A waste recycling company is ordered to pay £250,000 in fines and £53,100 in costs for serious workplace transport safety failings that led to the death of a young worker.
Here is the press release of Britain’s Health & Safety Executive (HSE). The company pleaded guilty to breach of Section 2(1) of the Health and Safety at Work Act 1974, which states: “It shall be the duty of every employer to ensure, so far as is reasonably practicable, the health, safety and welfare at work of all his employees.”
It seems the 21yr old worker (working at the site for 6 months only) had been directed to clean mud off sensors on the weighbridge and, as he had not done the job before, he would work alongside a more experienced worker who would also look out for traffic. However after taking a break, he returned to work alone. A skip lorry then drove onto the weighbridge where the young worker was lying prone and chipping away at the hard mud. He picked up his tools and moved out of the way. The driver briefly got out of his cab and went into the site office, returned and drove on, unaware the young worker had returned to his work on the weighbridge. The lorry hit the young worker, and he died at the scene. The young worker had been in a total blind spot to the driver when he decided to return to his work.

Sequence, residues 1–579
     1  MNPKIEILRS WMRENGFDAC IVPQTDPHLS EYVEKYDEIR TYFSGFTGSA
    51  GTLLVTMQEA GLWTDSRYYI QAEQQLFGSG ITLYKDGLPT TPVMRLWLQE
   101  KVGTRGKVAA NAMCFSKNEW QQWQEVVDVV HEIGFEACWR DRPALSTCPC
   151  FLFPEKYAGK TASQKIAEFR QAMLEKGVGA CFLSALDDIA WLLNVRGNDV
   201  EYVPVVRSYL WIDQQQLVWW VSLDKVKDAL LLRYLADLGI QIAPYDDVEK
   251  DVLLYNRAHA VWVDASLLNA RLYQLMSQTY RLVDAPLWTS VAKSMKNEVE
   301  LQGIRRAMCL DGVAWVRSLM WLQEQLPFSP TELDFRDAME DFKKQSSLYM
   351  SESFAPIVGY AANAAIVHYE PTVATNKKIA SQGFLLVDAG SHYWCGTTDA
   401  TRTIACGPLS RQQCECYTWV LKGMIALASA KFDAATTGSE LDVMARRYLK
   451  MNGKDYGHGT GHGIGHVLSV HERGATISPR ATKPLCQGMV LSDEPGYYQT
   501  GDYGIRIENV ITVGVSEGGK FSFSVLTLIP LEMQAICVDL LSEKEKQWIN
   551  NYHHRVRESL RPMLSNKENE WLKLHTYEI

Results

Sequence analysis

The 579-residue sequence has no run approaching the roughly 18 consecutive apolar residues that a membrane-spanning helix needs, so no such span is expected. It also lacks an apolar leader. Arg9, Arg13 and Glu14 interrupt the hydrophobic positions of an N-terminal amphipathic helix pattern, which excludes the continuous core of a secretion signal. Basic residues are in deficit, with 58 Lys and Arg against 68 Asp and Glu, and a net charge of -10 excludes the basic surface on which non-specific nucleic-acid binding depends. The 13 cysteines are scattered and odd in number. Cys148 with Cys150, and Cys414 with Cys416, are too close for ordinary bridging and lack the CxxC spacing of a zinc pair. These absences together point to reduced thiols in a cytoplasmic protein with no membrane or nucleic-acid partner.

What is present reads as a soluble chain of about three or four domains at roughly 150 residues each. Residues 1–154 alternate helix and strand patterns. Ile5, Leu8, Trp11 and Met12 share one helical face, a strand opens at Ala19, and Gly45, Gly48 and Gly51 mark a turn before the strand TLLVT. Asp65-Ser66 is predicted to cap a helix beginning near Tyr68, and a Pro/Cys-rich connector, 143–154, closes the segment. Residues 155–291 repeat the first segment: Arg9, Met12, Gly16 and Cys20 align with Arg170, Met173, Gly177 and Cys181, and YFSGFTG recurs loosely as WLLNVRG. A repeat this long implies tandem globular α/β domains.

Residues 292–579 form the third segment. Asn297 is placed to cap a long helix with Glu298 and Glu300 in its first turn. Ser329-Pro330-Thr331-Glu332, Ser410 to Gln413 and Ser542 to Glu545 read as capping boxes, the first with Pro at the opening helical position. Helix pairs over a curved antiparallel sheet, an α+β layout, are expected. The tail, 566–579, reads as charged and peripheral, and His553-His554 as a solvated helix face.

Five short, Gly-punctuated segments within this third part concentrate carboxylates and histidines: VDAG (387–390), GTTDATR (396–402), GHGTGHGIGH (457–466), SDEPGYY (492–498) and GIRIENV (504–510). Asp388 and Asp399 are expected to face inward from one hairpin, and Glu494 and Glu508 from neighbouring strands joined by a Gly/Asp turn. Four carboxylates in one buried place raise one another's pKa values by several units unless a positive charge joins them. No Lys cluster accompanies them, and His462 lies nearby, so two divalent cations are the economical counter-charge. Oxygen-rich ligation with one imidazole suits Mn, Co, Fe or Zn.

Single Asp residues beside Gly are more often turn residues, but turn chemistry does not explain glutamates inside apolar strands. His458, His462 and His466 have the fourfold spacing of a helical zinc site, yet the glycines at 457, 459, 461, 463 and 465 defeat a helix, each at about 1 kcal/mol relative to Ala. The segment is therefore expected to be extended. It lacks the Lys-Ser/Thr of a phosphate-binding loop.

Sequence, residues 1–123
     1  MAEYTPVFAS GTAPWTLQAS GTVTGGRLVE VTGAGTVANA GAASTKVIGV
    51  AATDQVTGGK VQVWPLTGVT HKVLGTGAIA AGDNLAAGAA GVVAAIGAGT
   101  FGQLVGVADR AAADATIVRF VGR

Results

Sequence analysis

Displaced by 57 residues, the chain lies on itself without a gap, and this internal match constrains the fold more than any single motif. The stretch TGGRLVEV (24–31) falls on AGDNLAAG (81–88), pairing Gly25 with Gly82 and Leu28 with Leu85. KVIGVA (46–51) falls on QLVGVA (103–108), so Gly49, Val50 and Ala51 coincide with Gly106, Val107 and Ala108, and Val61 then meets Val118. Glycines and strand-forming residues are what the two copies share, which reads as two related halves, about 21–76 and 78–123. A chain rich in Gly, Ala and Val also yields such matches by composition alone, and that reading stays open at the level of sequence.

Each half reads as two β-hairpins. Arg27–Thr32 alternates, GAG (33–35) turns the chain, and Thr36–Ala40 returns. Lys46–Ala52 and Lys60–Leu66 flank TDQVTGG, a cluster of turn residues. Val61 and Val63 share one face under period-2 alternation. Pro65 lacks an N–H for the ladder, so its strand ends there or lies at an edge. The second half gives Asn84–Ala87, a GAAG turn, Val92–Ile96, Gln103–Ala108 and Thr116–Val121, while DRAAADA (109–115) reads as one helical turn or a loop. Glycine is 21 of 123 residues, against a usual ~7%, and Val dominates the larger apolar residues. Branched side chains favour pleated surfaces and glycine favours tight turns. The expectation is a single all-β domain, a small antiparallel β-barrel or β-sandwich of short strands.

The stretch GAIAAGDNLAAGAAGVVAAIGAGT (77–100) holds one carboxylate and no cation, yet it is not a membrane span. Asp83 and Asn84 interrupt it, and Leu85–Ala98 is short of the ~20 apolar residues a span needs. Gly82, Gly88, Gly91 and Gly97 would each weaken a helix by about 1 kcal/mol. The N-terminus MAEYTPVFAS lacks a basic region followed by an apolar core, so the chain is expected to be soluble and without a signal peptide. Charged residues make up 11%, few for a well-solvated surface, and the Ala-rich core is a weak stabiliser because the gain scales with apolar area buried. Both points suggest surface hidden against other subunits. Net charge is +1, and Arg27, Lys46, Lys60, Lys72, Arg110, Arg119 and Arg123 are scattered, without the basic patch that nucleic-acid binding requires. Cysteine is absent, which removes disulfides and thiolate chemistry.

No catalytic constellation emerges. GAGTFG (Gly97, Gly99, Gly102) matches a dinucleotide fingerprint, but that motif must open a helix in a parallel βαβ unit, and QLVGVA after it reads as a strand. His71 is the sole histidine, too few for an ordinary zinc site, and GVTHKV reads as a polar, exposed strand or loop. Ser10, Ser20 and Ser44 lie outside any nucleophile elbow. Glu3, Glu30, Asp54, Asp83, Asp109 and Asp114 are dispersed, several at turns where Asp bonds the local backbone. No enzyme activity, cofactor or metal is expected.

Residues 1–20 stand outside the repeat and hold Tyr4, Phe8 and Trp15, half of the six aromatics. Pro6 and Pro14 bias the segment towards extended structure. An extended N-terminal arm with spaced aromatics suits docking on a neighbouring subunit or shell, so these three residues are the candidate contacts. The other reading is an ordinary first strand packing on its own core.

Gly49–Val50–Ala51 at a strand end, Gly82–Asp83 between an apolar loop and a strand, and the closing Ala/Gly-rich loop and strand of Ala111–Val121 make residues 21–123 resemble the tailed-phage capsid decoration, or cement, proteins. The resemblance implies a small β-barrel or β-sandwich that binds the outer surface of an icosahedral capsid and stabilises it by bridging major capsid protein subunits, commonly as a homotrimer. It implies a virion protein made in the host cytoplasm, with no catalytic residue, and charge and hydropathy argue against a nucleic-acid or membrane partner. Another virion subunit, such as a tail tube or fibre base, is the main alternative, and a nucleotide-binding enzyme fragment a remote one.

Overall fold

Per the HSE investigation, the company had failed to:
* appreciate the risks associated with the site
* give full instructions, guidance and training to staff
* monitor and supervise staff, particularly the young worker
* devise a transport policy to segregate people from vehicles, and
* provide a system of proper maintenance for equipment like the weighbridge
* prepare a health and safety plan